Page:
This is what I mean by correct hope. We should stay centered in on the correct hope that no one goes hungry, homeless, poor, neglected, excluded. Too often we move too quickly to the solutions and stay centered together on the problem, taking it in, contemplating it as a community, and seeking common purpose. When go quickly to the solutions, disagreements on the best solutions naturally arise and soon become the focus.

Compromise and working together are so essential. But compromise and working together takes practice. It takes sitting together and contemplating the hopes we share, namely that there is as little poverty, hunger, homelessness, neglect, exclusion as possible.

If we sit with our shared hopes, if we sit and reflect on the real people being effected by poverty, hunger, homelessness, neglect, and exclusion if we also sit with those being affected by these evils, it becomes natural that we start building the strong foundation upon which we confront those evils.

More than ever, we need to a laser focus on our shared hope, our sitting together with our shared hope in mind and heart.

Focusing on our shared hope leads to humility. I am not the only one who wants less poverty, less hunger, less homelessness, less neglect, less exclusion. Conservatives, moderates, and liberals of good will all want this. And I can learn from others who want the same things. This humility allows us the space and openness and inclusiveness to look honestly at things and admit when something isn’t working, make corrections midstream, and hopefully make it work.

None of us have the market on the truth. None of us is right about everything 100% of the time. None of us in can get what we want 100% of the time. Without humility, without a flexibility that allows for compromise, without a willingness to say what I proposed doesn’t work and what you proposed might, without an open mind and an open heart, we will have more poor people, more hungry people, more homeless people, more neglected, more excluded people.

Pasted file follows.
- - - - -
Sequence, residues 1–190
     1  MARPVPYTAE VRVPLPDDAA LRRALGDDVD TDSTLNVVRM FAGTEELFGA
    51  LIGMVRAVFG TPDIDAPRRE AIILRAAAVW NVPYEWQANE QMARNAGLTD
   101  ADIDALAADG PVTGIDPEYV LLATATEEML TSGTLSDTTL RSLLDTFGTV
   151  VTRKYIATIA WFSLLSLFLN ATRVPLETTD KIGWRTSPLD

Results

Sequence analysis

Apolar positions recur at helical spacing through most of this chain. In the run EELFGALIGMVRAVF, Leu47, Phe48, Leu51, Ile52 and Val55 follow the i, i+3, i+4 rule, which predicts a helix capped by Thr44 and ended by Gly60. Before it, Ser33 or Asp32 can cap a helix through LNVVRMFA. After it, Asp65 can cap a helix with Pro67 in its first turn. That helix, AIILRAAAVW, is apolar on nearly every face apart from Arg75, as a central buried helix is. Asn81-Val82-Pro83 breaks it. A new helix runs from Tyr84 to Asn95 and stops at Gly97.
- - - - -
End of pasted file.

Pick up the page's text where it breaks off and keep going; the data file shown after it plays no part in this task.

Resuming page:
We have seen the dangers of political rigidity, absolutism, ideological litmus tests. We have seen them throughout history. We have seen them in America in the Religious Right and the extreme elements on the Right. We are seeing them increasingly on the Left as well. We are increasingly becoming two separate and isolated camps that no longer even attempt to meet each other in the middle.

We must stem this tide. And we do this best by doing what we do here. Honing in on our shared humanity and shared hopes, building community on what connects us – the love of God. This is what we need. Let us preach the gospel that without love we are nothing.


One of God’s greatest promises to us is that God will never leave us nor forsake us. God is present with us in sickness and in health, in good times and bad times, in birth and in death, and all those in betweens. That is what helps us to hope and get through it all.

The best thing we can do when we pray is to practice godliness by being spiritually as present with those we are praying for as possible. So as we pray, I ask that you be present with those we hold in God’s light.

For those facing health issues or health procedures, we are present with you and hold you in God’s light.

For those who are grieving losses or are feeling lost and alone, we are present with you and hold you in God’s light.

For those who are impoverished, hungry, homeless, neglected, we are present with you and hold you in the Light.

For those who simply struggling with the daily grind, bored with life, and needing friendship, we are present with you and hold you in the Light.

For those who are feeling the blessing of joy and gratitude, we are present with you and hold you in the Light.

Non-Clinging, Politics, & Jesus

There is a Buddhist teaching I am thinking about a lot these days. It is called anupadana. It means non-clinging, or non-attachment. It is based on the idea that clinging or grasping onto things or ideas, holding on to them too tightly, is an obstacle to being all we can be. Upadana, clinging or grasping onto things or ideas, prevents us from individually and collectively applying the truth of love in our lives.

Buddhism lays out four forms of clinging or grasping, four kinds of unhealthy attachments.